These defenses are not confined to organized police unions, whose very purpose is the unconditional defense of their members. Nor are they confined to right-wing politicians and government officials pandering to the police forces. This past March, Emmanuel Macron’s interior minister, Gérard Darmanin, joined a parade of right-wing presidential candidates at an Alliance Police Nationale convention.
The fact that polls like that of far-right TV channel CNEWS indicate that over eight in ten French people “have confidence” in the police leads Assioma to dismiss criticism of the police as emanations of “a fringe of the extreme left that is anti-republican, or even at the limits of anarchism.”
This is a gross mischaracterization. One of the telling signs of the police’s relative imperviousness to criticism, however, is that early fissures within the newly formed left-wing unity coalition are precisely over the question of policing and police violence. The NUPES program reflects a consensus on the need to develop new local and community policing practices. But it evades the more frontal critiques coming from activists who target the structural nature of racism and police violence.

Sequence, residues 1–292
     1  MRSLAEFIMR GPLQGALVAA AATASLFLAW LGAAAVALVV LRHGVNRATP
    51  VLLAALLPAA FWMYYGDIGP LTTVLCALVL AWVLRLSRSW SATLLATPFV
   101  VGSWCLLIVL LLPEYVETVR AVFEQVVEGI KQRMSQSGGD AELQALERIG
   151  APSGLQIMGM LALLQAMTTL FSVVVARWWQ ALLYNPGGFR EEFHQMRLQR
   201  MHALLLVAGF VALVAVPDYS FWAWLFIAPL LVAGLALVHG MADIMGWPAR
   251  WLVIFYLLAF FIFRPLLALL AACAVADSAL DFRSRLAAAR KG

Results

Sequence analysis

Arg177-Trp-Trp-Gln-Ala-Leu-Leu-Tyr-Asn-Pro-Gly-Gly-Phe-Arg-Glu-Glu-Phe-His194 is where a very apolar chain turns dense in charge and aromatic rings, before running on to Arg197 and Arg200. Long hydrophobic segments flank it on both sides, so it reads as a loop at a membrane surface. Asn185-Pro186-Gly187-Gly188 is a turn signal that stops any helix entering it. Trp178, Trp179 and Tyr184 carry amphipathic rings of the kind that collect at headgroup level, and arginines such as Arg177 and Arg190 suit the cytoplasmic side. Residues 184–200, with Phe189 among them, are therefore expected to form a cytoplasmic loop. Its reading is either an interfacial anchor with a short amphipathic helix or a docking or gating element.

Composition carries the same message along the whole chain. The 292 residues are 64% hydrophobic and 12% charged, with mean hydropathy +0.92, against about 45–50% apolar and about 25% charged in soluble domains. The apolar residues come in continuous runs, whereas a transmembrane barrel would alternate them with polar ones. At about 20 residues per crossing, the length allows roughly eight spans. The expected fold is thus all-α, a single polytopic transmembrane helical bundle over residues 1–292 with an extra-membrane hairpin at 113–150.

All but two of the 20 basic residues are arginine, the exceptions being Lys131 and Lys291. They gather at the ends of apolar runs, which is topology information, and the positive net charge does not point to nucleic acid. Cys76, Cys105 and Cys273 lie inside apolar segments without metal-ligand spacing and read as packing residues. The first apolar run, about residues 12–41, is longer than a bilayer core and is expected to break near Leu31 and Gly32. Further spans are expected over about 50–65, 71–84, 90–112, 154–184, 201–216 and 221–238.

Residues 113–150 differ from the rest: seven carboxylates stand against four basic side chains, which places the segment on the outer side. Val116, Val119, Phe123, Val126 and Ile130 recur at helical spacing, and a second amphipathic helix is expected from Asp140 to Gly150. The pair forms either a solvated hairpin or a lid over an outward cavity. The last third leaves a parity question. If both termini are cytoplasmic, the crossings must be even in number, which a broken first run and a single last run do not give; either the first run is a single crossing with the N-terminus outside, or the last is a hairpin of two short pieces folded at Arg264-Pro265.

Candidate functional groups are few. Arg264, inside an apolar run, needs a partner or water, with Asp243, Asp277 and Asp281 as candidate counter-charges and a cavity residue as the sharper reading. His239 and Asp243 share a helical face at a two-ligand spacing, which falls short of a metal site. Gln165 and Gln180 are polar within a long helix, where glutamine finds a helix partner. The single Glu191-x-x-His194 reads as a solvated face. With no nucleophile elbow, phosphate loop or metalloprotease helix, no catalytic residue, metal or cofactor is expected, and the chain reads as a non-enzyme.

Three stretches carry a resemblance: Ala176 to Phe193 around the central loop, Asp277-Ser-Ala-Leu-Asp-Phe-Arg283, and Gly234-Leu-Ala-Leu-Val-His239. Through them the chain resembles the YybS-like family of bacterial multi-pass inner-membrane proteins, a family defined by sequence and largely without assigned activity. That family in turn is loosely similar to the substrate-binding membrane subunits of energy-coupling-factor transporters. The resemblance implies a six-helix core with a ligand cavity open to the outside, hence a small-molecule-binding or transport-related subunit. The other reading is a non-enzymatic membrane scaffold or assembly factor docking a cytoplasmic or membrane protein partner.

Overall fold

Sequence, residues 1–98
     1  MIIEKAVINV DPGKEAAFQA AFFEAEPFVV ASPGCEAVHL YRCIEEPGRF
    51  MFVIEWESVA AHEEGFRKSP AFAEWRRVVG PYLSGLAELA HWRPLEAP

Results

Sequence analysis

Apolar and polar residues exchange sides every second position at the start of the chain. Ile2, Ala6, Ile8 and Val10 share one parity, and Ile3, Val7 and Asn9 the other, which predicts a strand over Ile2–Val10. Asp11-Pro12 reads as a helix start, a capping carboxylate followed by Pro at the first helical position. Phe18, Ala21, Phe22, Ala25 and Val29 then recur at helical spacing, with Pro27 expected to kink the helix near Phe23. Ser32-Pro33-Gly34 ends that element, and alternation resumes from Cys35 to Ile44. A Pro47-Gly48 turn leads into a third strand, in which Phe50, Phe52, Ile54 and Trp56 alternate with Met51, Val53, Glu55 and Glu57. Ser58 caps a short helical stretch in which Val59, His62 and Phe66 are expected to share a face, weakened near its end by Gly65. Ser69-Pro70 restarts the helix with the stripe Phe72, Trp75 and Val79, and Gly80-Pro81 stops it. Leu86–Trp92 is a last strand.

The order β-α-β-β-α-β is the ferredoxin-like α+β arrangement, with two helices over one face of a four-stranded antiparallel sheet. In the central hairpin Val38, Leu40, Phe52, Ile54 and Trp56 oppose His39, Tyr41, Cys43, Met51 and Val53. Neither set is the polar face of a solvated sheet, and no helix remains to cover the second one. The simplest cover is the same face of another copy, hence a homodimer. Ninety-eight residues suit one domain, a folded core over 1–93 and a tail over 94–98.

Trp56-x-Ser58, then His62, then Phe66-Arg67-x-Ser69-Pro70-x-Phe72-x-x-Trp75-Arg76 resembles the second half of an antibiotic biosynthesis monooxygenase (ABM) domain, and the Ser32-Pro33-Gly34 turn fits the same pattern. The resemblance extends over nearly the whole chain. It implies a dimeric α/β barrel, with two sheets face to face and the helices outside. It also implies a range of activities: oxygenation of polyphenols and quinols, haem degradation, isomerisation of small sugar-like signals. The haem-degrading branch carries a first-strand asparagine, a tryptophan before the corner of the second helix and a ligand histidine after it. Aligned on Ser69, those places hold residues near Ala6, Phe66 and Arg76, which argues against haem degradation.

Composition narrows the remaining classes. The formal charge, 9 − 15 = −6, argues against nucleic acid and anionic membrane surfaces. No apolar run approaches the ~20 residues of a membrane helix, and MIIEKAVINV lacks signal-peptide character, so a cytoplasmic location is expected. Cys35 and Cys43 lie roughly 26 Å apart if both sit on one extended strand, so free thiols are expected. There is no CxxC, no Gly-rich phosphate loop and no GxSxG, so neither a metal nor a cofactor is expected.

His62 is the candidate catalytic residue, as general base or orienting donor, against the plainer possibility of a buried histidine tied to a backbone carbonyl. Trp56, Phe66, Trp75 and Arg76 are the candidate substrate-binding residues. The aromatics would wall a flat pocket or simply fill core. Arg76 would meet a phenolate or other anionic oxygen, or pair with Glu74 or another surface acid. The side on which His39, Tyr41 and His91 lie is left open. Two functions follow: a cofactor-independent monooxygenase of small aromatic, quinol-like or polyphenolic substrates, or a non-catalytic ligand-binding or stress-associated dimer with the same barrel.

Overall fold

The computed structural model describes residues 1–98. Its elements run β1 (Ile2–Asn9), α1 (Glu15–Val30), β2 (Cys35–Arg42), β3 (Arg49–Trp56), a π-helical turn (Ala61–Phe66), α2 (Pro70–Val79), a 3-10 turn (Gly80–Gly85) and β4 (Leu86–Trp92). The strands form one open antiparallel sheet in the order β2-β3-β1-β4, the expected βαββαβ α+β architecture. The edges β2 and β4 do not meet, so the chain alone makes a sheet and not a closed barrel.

The Socialist Party has disavowed the terminology of “police violence,” for example. In the NUPES program, it succeeded in adding the disclaimer that “the Socialist Party refuses the use of the term ‘police violence’” and that therefore “it will not support the creation of an inquiry committee on police violence that has caused the death or mutilation of citizens.” Having called in May 2021 for the recruitment of thousands of police officers, Fabien Roussel again took his distance from Mélenchon after the latter’s sallies with Alliance Police Nationale, saying on the parliamentary election campaign trail that “we need better trained, and sufficiently numerous, police officers and gendarmes to guarantee our tranquility. Under no circumstances will I talk like that, ever.”